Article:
Doctor in the phone: healthcare for the 21st century


With an ageing population, providing healthcare efficiently is one of the biggest challenges facing society. We know that using sensors to monitor patients and provide detailed, regular data on their condition will help, but some recent developments suggest that we're getting closer to using this technology for real gains.

Researchers at Belgian nanotechnology lab Imec, in conjunction with the Netherlands-based Holst Centre, have developed a wireless communication system that enables EKG sensors on the body to communicate with a smart phone, creating what they call a body-area network (BAN). The smartphone picks up signals measuring data such as brain activity, muscle activity and cardiac performance. We also wrote about this innovation in an earlier Orange Business Live! blog on wearable computing.  

These scientists are not the only ones experimenting with such hyper-localised sensor networks. BodyMedia, a company founded in 1999 by four Carnegie Mellon University scientists, recently launched a smartphone-enabled version of its body monitoring system.

BodyMedia users wear an armband that constantly measures variables contributing to calorific exertion. The system also enables users to enter their food intake, producing a web-based report on their overall activity and calories burned per day, enabling them to plan their way to weight loss. This system was previously used with a proprietary wristwatch display, but a new Bluetooth-enabled armband and smartphone app makes it possible for users to monitor their health using their own commodity technology.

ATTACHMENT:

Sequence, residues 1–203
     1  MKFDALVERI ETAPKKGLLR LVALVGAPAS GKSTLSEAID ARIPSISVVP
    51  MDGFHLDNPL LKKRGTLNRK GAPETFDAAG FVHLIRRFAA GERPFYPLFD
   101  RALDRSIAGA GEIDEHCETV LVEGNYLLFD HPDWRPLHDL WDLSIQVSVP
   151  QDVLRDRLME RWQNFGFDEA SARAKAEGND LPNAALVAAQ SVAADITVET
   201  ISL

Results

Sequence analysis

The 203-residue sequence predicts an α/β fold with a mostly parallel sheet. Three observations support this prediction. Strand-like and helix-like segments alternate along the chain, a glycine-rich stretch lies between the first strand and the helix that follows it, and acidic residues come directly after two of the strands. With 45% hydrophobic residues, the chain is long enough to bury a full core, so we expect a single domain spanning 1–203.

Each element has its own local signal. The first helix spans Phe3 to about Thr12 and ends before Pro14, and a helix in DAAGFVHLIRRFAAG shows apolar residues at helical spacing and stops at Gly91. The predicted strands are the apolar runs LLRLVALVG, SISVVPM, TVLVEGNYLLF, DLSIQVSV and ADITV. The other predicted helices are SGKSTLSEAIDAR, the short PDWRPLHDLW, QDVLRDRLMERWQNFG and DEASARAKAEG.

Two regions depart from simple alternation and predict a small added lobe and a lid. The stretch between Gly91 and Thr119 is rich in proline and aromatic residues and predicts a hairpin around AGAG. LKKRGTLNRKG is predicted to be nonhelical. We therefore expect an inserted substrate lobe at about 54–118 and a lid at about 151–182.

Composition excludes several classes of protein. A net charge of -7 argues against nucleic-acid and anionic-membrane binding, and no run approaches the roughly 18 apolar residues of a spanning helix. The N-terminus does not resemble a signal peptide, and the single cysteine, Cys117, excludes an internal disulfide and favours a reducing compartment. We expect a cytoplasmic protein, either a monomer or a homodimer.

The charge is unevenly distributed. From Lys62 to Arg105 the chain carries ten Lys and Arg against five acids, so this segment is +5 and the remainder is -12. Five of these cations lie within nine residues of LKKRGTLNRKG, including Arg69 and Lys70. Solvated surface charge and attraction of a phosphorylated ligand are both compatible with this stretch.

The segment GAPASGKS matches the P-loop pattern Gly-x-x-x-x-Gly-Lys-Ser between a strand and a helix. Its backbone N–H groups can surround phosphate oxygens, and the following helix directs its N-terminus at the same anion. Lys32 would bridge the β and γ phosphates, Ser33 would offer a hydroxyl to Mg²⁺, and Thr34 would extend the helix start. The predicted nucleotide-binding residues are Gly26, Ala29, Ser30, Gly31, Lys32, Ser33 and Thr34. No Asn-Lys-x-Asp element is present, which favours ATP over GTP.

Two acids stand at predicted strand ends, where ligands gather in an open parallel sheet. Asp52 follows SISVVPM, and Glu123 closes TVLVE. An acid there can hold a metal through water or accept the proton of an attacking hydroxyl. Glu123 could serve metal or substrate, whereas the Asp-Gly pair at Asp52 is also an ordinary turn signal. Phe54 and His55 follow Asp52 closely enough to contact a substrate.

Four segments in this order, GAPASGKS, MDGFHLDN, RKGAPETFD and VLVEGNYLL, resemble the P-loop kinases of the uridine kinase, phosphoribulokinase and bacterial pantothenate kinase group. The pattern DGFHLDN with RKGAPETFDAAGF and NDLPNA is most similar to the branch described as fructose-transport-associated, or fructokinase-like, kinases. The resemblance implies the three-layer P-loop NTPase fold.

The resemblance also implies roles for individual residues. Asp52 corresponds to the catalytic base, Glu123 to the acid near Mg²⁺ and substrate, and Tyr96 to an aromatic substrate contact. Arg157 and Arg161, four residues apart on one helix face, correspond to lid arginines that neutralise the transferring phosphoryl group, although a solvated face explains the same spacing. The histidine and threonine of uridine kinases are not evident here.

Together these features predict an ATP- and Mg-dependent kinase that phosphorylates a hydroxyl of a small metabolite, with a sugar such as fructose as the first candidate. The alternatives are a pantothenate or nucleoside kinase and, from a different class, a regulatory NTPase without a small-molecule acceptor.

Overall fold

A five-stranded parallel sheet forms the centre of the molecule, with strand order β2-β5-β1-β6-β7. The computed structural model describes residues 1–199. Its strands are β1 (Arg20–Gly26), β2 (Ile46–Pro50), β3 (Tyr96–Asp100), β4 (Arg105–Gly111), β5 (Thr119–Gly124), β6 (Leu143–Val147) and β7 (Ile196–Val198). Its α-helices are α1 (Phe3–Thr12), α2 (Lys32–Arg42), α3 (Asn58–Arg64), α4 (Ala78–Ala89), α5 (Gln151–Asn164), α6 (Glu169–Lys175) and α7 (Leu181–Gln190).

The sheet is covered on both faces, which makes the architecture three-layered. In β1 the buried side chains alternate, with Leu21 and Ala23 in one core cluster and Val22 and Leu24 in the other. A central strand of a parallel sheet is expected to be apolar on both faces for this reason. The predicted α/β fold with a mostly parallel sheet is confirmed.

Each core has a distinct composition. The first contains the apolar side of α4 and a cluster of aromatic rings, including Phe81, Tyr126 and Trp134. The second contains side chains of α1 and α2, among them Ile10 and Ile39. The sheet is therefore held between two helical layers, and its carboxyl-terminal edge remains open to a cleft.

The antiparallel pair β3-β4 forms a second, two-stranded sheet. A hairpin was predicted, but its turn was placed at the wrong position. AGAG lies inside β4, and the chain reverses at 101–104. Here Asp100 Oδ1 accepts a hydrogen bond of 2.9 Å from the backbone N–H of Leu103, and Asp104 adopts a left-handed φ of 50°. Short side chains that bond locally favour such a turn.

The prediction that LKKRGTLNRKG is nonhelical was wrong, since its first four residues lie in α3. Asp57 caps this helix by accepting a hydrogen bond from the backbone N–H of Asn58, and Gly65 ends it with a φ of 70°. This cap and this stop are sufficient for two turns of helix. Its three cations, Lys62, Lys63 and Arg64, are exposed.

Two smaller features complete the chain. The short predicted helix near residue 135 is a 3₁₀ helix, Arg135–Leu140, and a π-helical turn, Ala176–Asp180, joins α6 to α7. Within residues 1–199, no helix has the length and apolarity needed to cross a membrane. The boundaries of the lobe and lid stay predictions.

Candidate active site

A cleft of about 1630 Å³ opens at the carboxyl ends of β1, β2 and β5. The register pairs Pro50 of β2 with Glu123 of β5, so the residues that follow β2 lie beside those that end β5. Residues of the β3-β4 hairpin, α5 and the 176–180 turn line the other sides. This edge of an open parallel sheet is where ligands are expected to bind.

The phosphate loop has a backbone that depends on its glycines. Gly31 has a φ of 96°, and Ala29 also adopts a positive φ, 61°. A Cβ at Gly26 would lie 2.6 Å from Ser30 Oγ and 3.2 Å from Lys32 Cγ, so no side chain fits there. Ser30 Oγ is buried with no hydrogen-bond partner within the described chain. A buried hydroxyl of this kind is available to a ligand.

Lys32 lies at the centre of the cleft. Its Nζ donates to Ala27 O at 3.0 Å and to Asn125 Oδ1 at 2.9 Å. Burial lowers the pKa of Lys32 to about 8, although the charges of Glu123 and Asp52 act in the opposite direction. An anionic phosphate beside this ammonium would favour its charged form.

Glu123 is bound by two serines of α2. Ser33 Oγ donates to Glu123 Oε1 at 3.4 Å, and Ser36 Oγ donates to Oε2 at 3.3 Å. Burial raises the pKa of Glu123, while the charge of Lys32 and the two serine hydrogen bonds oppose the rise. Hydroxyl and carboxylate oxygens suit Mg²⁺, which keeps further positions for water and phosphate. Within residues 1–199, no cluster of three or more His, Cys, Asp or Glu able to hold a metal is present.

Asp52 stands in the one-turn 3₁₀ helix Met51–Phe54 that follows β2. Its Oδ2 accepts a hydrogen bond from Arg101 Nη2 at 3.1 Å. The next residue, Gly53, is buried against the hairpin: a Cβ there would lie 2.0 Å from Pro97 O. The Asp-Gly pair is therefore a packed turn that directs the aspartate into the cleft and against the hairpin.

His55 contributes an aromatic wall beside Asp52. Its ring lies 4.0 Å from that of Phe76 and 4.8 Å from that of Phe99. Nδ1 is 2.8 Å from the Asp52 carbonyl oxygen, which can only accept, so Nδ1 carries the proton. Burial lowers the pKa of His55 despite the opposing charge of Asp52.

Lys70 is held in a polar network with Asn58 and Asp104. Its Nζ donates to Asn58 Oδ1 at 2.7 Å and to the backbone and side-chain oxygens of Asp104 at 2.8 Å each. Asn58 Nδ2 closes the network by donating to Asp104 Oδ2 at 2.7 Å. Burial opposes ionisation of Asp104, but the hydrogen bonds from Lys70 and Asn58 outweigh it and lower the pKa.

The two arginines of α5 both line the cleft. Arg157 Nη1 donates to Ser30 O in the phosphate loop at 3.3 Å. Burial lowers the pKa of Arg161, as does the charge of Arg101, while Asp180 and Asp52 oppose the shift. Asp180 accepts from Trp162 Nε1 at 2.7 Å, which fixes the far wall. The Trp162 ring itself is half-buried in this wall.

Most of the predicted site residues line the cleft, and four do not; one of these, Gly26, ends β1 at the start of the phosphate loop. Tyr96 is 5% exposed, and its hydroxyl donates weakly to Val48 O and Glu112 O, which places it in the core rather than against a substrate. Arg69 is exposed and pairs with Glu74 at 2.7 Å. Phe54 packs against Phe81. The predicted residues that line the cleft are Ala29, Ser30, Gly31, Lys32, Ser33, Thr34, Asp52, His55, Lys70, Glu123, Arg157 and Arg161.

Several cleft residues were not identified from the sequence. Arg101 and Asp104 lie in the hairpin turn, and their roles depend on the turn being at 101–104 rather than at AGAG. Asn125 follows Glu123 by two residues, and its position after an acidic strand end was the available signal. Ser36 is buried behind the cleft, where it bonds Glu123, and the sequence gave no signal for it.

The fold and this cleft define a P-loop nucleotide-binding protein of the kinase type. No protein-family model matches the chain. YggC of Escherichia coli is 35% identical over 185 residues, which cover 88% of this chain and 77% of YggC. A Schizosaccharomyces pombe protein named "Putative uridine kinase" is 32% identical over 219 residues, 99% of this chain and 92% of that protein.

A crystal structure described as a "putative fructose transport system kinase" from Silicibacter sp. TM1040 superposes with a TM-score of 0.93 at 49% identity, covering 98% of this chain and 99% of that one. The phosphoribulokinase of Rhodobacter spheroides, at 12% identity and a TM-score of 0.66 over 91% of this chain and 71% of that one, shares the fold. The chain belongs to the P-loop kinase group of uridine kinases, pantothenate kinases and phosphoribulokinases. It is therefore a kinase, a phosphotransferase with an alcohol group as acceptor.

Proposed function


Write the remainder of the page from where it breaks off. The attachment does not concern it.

Philips DirectLife takes a similar approach, but instead of using a smartphone, it uses a proprietary activity monitor that stays with the user all day, connecting to a home computer via a USB port, and uploading data to the web for an online report. Philips markets the solution as an online coaching service, motivating the user to improve their baseline activity over a four month period to get them healthier.

And then, there are more specialized solutions designed for particular healthcare scenarios. There's the solution developed by Orange Business and Sorin, that helps monitor cardiac activity, which has been covered extensively in Orange Business Live! Others include HealthSense, which provides a service called eNeighbor Telehealth. A personal sensor monitors various aspects of a patient's health. Blood pressure, weight scales, pulse oximeters, and networked cameras can all be connected to an in-home system that enables physicians to remotely monitor a person's health in the home. This solution is being marketed for outpatient management, which could go a long way towards reducing healthcare costs by freeing up hospital beds, while enabling elderly patients to be more comfortable as they recover in their familiar surroundings.

These devices run the gamut of healthcare solutions, addressing both the lifestyle health and specialist markets. Taken together, though, they represent a promising start in network-powered healthcare. As cloud-based healthcare services mature, the possibilities for this exciting new segment opens up. Companies such as Microsoft are already offering centralized storage of consumer-owned healthcare records, which can be accessed by pharmacies and healthcare clinics. Using sensors to complement these records with highly-detailed data on personal activity and vital signs could make our healthcare systems smarter than ever.

Anthony Plewes

After a Masters in Computer Science, I decided that I preferred writing about IT rather than programming. My 20-year writing career has taken me to Hong Kong and London where I've edited and written for IT, business and electronics publications. In 2002 I co-founded Futurity Media with Stewart Baines where I continue to write about a range of topics such as unified communications, cloud computing and enterprise applications.